Back when I was a kid, the BBC were really the kings of British Sci-Fi. The commercial channels showed US shows, but there was almost nothing homegrown to rival the popularity of shows like Doctor Who and Blake’s Seven. That’s not to say that the BBC had the playing field entirely to itself.
Sapphire & Steel was a show that, for a few short years, gave us almost no answers about the main characters at all. Sapphire and Steel were “operators”, agents of an unknown force that regulated our dimension. They protected us from the effects of Time; a rapacious force bound in chains of causality and eternally struggling to break free. Gifted with telepathic powers and elemental abilities, Sapphire and Steel were almost certainly not human, and were played brilliantly by David McCallum and Joanna Lumley. Steel, was a hard-hearted pragmatist; Sapphire, an empathic time-sensitive. Curiously for a show of that era, Sapphire was the one with real power. She could read minds, turn back time, scan objects with psychometry, and do a host of other neat tricks. Steel was very strong, and could survive serious injury and extremes of temperature, but his role was really that of detective, puzzling out the plans of Time before it could break free.
The cool thing about Sapphire & Steel was that it really threw you in at the deep end straight away. There was no explanation of their powers, who they worked for, or even what they really where. Frequently their conversations where quite technical, becoming fairly opaque to the viewer who could really only understand that something very complicated was going on. About the clearest explanation of the enemy came in the very first story, and that consisted of a pretty brief conversation with a child. If the show had to be summed up in one word, that word would be “mysterious”.
It was also compelling viewing. Sadly, the show only lasted three years before falling victim to a shift in the licensing for independant television in the midlands. It vanished for years, before resurfacing as a DVD boxed set. In the early 2000’s, the show was revived as a series of CD audio drama by Big Finish Productions, the company responsible for the Doctor Who audio dramas, with David Warner (of innumerable Star Trek shows and horror flicks) and Johanna Harker taking over the roles of Steel and Sapphire. It was spell-binding. While not as dense or opaque as the TV version, the audios managed to capture the atmosphere and menace of the series, while being far superior in the quality of the story.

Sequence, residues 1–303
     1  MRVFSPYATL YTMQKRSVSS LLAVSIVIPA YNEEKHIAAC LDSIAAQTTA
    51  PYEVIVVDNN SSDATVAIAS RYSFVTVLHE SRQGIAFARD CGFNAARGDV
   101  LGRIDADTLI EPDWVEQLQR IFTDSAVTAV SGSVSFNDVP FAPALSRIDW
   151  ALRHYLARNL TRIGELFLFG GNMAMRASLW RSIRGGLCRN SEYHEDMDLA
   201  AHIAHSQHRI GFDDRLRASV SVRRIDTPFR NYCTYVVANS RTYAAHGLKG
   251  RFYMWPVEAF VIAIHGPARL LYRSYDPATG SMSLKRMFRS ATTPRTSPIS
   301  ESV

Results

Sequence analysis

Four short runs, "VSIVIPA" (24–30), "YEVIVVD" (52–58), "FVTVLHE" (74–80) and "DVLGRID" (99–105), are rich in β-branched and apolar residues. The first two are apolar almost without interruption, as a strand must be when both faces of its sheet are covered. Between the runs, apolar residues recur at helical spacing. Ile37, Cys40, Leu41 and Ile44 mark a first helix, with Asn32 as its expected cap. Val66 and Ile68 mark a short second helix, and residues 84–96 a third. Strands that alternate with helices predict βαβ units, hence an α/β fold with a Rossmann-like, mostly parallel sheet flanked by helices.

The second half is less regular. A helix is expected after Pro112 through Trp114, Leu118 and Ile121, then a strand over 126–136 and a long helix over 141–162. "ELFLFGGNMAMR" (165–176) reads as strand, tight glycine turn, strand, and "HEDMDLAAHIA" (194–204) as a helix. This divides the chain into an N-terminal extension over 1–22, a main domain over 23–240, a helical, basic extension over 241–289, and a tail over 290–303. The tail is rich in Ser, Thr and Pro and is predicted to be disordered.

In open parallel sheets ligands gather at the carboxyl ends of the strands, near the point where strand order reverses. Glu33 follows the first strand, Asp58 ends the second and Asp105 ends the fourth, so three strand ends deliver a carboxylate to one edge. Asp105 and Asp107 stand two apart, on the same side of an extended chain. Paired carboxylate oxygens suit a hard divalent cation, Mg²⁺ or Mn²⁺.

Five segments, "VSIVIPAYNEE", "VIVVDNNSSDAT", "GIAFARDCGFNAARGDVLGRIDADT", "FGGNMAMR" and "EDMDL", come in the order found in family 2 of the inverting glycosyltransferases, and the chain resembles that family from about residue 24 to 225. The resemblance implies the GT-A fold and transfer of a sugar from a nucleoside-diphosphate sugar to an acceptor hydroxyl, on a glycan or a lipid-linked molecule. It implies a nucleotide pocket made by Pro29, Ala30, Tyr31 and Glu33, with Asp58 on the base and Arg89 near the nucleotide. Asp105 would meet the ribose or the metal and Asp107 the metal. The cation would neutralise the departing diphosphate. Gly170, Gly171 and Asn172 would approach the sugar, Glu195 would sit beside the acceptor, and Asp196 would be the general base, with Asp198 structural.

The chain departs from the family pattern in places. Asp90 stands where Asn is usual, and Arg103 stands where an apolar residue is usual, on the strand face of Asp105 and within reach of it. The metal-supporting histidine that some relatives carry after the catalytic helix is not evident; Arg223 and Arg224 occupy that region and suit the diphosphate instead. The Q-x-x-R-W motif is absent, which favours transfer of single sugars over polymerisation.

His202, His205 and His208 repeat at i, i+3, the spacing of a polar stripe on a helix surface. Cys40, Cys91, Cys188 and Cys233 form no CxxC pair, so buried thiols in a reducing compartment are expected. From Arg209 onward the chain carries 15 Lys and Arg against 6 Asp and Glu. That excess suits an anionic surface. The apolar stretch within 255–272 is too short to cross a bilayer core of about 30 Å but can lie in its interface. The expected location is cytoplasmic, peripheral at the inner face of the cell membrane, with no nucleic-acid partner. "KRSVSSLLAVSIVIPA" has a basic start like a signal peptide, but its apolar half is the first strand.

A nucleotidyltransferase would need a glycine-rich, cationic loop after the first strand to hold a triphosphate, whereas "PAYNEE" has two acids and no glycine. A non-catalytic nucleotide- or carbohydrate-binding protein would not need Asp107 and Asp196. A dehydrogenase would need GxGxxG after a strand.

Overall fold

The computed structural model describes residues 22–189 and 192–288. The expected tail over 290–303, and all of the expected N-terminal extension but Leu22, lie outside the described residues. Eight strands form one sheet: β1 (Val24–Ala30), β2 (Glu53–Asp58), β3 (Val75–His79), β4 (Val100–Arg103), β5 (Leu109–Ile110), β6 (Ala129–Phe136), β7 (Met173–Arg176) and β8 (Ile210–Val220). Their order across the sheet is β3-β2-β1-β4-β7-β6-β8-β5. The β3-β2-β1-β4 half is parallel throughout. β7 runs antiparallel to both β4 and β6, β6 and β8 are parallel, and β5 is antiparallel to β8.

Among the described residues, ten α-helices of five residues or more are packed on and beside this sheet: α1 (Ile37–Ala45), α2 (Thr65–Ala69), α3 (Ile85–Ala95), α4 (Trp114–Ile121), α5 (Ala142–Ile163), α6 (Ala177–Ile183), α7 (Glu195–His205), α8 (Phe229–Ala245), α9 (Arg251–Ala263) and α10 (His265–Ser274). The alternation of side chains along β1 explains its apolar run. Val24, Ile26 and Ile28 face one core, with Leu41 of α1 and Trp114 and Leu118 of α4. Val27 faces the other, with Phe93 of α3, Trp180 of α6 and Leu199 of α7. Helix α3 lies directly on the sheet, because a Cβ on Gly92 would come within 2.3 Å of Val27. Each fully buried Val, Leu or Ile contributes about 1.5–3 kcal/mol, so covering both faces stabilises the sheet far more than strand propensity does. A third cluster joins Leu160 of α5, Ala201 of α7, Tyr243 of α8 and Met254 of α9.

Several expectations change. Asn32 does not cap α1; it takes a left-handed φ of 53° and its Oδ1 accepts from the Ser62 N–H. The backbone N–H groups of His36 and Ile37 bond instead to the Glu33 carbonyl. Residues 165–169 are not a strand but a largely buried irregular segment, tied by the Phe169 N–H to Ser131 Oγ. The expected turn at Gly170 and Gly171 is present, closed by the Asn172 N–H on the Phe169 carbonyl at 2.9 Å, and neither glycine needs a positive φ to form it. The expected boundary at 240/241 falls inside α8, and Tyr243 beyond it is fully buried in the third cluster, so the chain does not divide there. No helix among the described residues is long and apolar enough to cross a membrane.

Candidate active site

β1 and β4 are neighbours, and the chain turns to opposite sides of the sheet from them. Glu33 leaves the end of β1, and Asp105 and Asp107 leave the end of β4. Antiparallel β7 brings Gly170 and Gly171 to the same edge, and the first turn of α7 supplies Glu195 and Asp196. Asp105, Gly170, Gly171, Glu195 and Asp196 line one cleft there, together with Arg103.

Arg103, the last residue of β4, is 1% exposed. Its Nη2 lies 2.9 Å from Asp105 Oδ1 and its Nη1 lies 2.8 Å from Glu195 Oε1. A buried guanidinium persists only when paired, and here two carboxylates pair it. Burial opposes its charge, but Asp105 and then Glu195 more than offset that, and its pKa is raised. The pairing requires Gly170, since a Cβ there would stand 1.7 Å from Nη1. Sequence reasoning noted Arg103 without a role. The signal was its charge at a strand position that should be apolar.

The Tomorrow People was a classic piece of early 70’s kids science fiction. Heavily influenced by the “Age of Aquarius” types and the burgeoning New Age movement, it told the story of a small group of young people who had discovered that they where the first of the next step in human evolution. Each of them were gifted with psionic abilities; telepathy, telekinesis and teleportation. Genetically unable to kill, they were the heralds of a new age of peace for humanity…provided they lived long enough. Every week, they fought against evil extraterrestrials and the occasional evil human to defend the Earth and protect their emerging species. Every child, the series said, had the potential to be a Tomorrow Person.
Like Sapphire & Steel, the series had something of a cult following, and were revived for a few years in a series of audio dramas from Big Finish, featuring some of the original cast reprising their roles as well as new characters continuing the saga. The original episodes themselves have since been released on DVD. Watching them now, it’s easy to see the show’s faults; primitive special effects and a miniscule budget led to some truly cringe-worthy moments. But, like Doctor Who, underlying it all is a tremendous inventiveness and spirit of adventure. The show had grand ideas, and while it may have foundered on the rock of its poor budget and limited technology, those ideas still remain grand, and the stories themselves still have the power the entertain, and occasionally produce real scares.
Fans of classic (read “old”) SF in this age of DVD boxed sets and cheap releases often run up against the fact that the memory cheats; that things very often simply aren’t as good as one remembers. Thankfully, it occasionally plays fair.